Potential: Revealed

Strategic Thinking, Innovative Ideas, Growth Marketing, and Revealing of Potential

Archive for Online Banking

From Insight To Action In Under A Minute

One of the toughest challenges most businesses, including and perhaps especially the many small financial institutions in the U.S., face is having all three key ingredients for being a successful marketer:

1. strategy and plans to use data to target their customers with relevant offers (to get from talking about it to doing it)

2. technology to create the targeting analytics and deliver the offers (to be able to make sense of the data and take action)

3. investment in skills and resources to sustain marketing efforts (direct marketing is largely a numbers game – you have to get beyond the one-time and piecemeal marketing that is highly ineffective)

I’ve certainly seen this with clients of mine and in listening to the experts in the area of direct and digital marketing, and data analytics.

At FinovateFall 2012 this week there continues to be an emerging set of companies that are providing ways for financial institutions to breakout – particularly with the first two ingredients. But I believe there is just one company, Segmint, that is also tackling #3 – by taking the required skills and resources and putting them into a box – or more accurately behind OneButton. Making it ultra easy to take action on what the data is telling you and reach the right customer at the right time with the right offer, in real-time wherever a customer might be: online, mobile or social.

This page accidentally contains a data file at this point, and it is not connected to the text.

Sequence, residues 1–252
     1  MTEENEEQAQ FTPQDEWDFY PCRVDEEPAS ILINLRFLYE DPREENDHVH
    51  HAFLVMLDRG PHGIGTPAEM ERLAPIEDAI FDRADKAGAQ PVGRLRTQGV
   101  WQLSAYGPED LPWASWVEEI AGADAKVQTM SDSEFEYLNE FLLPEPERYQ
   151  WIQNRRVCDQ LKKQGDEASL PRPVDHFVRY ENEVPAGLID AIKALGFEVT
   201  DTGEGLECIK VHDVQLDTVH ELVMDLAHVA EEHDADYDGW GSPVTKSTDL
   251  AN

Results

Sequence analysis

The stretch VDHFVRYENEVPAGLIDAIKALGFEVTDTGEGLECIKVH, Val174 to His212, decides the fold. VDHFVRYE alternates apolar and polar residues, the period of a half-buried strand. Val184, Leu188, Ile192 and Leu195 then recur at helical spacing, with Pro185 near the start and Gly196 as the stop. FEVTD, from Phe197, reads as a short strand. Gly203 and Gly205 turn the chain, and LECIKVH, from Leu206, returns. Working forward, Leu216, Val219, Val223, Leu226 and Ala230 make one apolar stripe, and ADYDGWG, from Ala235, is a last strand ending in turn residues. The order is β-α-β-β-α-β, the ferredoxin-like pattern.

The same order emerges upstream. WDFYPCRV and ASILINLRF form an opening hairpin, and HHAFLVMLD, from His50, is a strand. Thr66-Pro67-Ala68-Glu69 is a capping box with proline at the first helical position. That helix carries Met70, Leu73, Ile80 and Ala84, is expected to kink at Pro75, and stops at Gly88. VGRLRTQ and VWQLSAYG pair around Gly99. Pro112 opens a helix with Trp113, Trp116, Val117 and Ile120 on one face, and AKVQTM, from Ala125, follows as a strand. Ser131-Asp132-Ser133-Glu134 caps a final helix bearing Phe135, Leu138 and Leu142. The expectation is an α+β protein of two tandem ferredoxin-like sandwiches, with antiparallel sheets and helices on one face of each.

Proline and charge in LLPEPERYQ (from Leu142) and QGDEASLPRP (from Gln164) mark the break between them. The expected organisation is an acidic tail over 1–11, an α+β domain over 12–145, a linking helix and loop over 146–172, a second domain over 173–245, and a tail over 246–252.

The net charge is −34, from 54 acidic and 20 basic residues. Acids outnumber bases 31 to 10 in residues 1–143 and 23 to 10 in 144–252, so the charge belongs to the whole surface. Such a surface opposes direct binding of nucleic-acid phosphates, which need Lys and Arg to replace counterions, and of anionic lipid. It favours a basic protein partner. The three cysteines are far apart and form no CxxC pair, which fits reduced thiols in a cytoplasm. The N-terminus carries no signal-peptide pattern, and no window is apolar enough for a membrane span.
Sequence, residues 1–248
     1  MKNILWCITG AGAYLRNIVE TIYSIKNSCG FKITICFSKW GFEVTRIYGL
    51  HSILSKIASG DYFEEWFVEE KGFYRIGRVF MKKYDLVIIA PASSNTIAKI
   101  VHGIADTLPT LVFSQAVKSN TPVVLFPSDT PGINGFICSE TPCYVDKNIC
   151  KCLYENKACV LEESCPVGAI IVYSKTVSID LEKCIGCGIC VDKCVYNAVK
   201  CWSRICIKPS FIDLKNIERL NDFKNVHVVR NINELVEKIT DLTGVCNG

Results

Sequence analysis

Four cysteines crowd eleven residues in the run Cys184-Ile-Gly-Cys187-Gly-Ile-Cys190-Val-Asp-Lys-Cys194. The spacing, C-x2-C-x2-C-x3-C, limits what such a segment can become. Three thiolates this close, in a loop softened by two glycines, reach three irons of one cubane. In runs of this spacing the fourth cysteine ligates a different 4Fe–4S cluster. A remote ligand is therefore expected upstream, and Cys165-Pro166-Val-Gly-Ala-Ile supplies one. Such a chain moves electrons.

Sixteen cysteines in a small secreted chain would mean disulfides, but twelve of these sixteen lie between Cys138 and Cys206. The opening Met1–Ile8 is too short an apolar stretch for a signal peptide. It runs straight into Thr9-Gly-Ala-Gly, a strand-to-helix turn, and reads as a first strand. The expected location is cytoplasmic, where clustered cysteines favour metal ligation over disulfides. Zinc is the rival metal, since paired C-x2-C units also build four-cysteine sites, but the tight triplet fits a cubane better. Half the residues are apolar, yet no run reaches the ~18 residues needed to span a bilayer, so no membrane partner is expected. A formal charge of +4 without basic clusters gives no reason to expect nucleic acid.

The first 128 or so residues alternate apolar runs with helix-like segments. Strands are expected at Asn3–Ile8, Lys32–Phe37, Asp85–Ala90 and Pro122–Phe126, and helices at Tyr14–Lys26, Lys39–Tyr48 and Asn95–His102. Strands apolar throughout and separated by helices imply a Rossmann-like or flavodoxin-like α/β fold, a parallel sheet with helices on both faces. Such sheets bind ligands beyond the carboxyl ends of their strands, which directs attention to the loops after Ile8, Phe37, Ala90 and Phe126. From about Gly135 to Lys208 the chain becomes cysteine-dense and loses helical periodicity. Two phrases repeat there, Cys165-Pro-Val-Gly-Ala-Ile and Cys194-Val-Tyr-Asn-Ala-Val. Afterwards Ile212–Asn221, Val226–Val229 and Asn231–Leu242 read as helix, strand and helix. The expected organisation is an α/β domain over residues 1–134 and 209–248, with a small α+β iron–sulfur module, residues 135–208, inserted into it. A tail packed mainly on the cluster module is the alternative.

So easy that targeted FI marketing campaign can be selected and launched in less than a minute.

All the work is done for the marketer, as long as they have #1, #2 and especially #3 are taken care of automatically by Segmint’s platform and solution.

See the post on Finovate’s blog from the Fall 2012 conference this week. I’ll also update you with a post in a week or so with the video Finovate will make available of the presentation by Rob and Nate.

Let me know what you think too!

 

 

Advertisements

Mobile Banking Future Has Not Arrived …. Yet

 Interesting study out of the  U.K. on Mobile banking adoption and usage. A few snippets:

– Smartphone users registered at just 17.5 percent in terms of those who paid bills with their devices

– yet half of all desktop users said they paid bills

– 45 percent of those surveyed had heard of a mobile wallet

– less than half of those (about 20%) expressed interest in having one

If as conventionally believed Europe and Asia lead the U.S. in adoption and use of mobile for financial services and payments, then should we expect even weaker numbers if this survey was done in the U.S.? The future has not arrived … yet, at least in terms of higher levels of adoption and higher value usage for mobile in the area of financial services and payments. Until there is significant growth in usage beyond merely checking account balances and finding a nearby ATM, the potential of mobile will continue to be hampered by lack of consumer interest or weak consumer experience and functionality, or both. . .  How and when will this change?

Electronic Bill Pay, After All These Years

Recently I did some work for a client who asked “tell me about the market for bill payment services in the United States?” I was in this business for a number of years as an executive for the market’s largest provider of such services but had not looked at the market at a broad level since 2008. I thought it was interesting to see how things have unfolded and thought I would share with everyone.

First of all, even though electronic bill payment is relatively mature I talk to a lot of people who are quite knowledgeable about financial services, payments and technology who don’t really understand the bill payment ecosystem nor the differences between the two main models. Below is the fastest growing model and soon to be the largest in terms of adoption and usage, referred to as Consolidated Bill Payment. Named such because it is a service that consolidates a customers’ bills and payments at a single point – most often through their bank.